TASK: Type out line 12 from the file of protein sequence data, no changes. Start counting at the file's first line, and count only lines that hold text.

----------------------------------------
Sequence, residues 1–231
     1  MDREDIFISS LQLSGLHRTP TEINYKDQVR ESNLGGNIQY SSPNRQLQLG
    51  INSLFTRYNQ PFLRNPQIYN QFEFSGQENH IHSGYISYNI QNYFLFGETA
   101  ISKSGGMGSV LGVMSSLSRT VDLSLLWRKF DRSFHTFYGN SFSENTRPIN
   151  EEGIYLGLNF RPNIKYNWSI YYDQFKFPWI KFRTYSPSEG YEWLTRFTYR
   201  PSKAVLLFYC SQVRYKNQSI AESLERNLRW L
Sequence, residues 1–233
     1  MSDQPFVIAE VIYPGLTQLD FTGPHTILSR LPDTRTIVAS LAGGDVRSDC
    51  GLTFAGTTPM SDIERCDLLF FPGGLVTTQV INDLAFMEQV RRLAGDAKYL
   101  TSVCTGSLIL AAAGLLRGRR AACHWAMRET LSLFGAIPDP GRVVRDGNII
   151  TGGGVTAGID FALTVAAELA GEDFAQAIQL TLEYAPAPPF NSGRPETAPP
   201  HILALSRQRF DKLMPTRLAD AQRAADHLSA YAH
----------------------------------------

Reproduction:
   201  HILALSRQRF DKLMPTRLAD AQRAADHLSA YAH